Hatfield Little Bird

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Little Bird
Role Homebuilt aircraft
National origin United States of America
Designer Milton Hatfield
First flight 26 May 1986 (Little Bird#1)
Number built 3
Variants Arup S-2

The Hatfield Little Bird aircraft are a continuation of the Arup series of low aspect ratio aircraft.


In the late 1920s, Cloyd Snyder of South Bend, Indiana developed a series of "Heel Lift" low aspect ratio aircraft inspired by the gliding properties of felt heel inserts. South Bend native, Milt Hatfield had built a homebuilt aircraft at the same time. Seeking flying lessons while grounded by his father, he donated parts of his aircraft to the Arup S-2 project in exchange for flying lessons. Years later, Hatfield taught the buyer of the S-2 how to fly the plane, and salvaged parts from his own plane to keep it going. After Arup Manufacturing Corporation went out of business, Hatfield promised Snyder he would make one of his own.[1]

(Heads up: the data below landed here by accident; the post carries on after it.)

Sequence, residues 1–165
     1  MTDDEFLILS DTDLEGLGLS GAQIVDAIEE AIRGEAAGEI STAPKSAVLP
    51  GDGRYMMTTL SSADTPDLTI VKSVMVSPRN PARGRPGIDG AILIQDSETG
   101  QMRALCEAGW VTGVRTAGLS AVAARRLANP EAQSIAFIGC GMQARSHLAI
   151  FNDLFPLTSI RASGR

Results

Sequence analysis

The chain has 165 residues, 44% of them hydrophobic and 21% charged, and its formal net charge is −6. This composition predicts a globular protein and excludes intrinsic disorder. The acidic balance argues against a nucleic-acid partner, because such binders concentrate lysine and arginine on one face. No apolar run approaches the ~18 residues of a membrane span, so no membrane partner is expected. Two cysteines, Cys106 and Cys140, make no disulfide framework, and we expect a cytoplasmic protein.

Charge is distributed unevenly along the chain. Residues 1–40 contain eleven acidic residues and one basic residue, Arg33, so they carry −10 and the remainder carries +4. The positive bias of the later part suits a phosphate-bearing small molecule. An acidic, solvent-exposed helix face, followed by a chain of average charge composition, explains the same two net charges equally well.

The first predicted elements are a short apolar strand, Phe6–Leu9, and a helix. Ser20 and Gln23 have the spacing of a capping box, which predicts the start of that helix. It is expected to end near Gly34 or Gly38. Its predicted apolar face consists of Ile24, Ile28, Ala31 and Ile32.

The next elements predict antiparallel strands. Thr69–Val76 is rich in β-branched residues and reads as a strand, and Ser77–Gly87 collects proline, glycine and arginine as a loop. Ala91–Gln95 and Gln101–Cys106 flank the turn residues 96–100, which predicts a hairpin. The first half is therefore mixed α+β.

Operational history[edit]

All three Little Bird aircraft were bought by one owner and are awaiting restoration.[2]


Hatfield Prototype
A wood and fabric heel lift aircraft started in the 1980s and scrapped.[3]
Hatfield Prototype 2
Another straight winged wood and fabric aircraft scrapped after one flight.
Little Bird #1
An ultralight swept wing heel lift.
Little Bird #2
N7019P A heavier experimental category aircraft. (1988) [4]
Little Bird #3
An advanced ultralight design with a 27hp Rotax.

Specifications (Little Bird #1)[edit]

Data from Sport Aviation

General characteristics

  • Crew: 1
  • Length: 12 ft 6 in (3.81 m)
  • Wingspan: 17 ft (5.2 m)
  • Wing area: 144 sq ft (13.4 m2)
  • Empty weight: 248 lb (112 kg)
  • Gross weight: 458 lb (208 kg)


  • Cruise speed: 52 kn; 97 km/h (60 mph)
  • Stall speed: 22 kn; 40 km/h (25 mph)
  • Rate of climb: 450 ft/min (2.3 m/s)
  • Wing loading: 3.2 lb/sq ft (16 kg/m2)
  • Power/mass: 1hp/l7lb

See also[edit]

Related development


  1. ^ "Milt's Little Bird". Sport Aviation. March 1987. 
  2. ^ "Little Bird". Retrieved 12 December 2011. 
  3. ^ Skyways: 49–50. July 1995.  Missing or empty |title= (help)
  4. ^ "Hatfield aircraft". Retrieved 11 December 2011. 

External links[edit]